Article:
Jan turned off the main road and dropped through the village of Tokeh to a tree shaded car park. A series of brush huts informally nestled under the palm trees contained a reception area, a kitchen and bar and laid out along the beach were a series of chalets. Jan and I sauntered over to a low wooden table and lounged around waiting for some drinks. I soaked in the atmosphere. After the hubbub of Freetown to the north of us, this was nirvana. The roaring Atlantic was rolling in to the broad expanse of sand, the sky was blue and the relief of the mountains enclosed this oasis.
A couple of hotel guests were settled on the loungers and hammocks out front, a scattering of kids were playing bat and ball on the sand. As our juices arrived the two of us sat in silence and just let the whole place wash over us. Both of us had had trying and busy weeks at the office. It was good just to rehabilitate in this environment.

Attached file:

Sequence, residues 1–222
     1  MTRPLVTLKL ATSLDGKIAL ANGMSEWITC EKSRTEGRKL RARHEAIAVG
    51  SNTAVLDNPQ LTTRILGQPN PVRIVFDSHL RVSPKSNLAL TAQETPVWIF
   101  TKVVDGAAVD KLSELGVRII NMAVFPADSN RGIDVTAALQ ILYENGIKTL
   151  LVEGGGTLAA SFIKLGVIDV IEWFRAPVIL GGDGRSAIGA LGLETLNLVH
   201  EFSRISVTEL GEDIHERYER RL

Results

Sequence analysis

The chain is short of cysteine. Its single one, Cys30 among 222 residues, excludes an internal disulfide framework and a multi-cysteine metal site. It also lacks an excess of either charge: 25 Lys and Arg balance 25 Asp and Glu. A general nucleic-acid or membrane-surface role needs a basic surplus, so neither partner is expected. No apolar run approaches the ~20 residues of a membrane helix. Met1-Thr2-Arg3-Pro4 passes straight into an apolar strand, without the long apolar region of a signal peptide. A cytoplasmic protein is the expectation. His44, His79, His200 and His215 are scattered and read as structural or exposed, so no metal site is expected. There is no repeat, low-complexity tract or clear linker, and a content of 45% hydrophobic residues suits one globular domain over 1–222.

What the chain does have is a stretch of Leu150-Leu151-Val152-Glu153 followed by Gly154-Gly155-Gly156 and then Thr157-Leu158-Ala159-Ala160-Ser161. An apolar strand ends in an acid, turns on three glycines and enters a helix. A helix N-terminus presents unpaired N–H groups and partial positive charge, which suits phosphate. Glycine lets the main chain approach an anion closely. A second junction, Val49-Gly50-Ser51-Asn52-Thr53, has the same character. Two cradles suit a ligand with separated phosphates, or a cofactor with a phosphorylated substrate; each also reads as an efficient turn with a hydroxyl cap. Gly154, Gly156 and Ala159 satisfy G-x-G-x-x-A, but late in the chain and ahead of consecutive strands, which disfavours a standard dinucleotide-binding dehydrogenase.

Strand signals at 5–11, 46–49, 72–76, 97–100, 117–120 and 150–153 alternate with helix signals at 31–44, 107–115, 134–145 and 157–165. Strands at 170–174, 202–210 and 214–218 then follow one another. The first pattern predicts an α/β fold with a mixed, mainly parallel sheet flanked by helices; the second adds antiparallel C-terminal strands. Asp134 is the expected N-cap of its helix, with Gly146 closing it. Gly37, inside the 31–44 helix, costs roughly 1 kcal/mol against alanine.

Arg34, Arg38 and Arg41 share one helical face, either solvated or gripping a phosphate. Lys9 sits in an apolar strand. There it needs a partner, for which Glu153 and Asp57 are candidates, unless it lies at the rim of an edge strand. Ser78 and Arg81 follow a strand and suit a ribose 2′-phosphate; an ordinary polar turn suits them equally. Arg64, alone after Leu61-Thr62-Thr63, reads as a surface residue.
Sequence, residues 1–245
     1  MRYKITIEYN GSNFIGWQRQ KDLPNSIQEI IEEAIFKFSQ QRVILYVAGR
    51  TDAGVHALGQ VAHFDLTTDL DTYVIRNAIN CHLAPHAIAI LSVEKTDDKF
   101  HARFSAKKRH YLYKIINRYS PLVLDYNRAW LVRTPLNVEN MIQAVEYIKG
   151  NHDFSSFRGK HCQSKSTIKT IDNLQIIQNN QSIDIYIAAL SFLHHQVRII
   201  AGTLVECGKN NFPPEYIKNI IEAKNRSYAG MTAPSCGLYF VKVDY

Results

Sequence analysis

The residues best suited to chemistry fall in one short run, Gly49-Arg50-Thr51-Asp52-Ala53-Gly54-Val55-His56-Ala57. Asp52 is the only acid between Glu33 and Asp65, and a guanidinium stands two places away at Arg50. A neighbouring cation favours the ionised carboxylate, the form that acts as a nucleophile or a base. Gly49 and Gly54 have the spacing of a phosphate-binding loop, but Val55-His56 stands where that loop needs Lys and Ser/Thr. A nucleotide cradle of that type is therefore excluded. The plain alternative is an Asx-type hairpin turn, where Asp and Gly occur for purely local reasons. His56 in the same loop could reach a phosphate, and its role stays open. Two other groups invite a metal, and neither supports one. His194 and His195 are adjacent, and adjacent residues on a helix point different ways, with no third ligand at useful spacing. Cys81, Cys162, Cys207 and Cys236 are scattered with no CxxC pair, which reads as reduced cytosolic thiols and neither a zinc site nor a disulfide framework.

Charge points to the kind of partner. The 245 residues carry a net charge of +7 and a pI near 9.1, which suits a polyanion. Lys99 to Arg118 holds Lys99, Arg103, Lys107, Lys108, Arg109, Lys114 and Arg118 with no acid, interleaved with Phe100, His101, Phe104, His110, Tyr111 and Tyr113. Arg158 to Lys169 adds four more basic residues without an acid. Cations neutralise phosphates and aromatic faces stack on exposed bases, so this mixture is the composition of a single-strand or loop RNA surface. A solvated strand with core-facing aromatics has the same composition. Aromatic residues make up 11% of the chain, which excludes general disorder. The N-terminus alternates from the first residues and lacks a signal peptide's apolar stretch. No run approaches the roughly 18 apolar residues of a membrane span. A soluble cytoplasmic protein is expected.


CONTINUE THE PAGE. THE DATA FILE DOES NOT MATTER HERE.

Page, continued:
The sea was not without interest. A small spit of volcanic rocks broke up the sand and was mirrored by a small rubbly island about 100 metres from the strand. The island was connected to the mainland by a narrow causeway and topped by the most straggly ill looking trees.
To the south, a huge party was already in full swing – it was only 11 am after all – and there were kids frolicking in the water while the heavy beat of dance music spread across the land – maybe it was not quite so idyllic as I thought.
Tokeh – A little slice of paradise on the peninsula
Jan was keen to look around these resorts as he was thinking of where he might spend his Easter weekend. We took a look in one of the cabins – it was Spartan but comfortable. He asked for a price list and we headed back to his truck. I noticed in the corner of the car park that there was a rusty piece of red metal. On closer inspection I realised it was a very old British post box, its door missing and its body etched away by salt air but otherwise intact.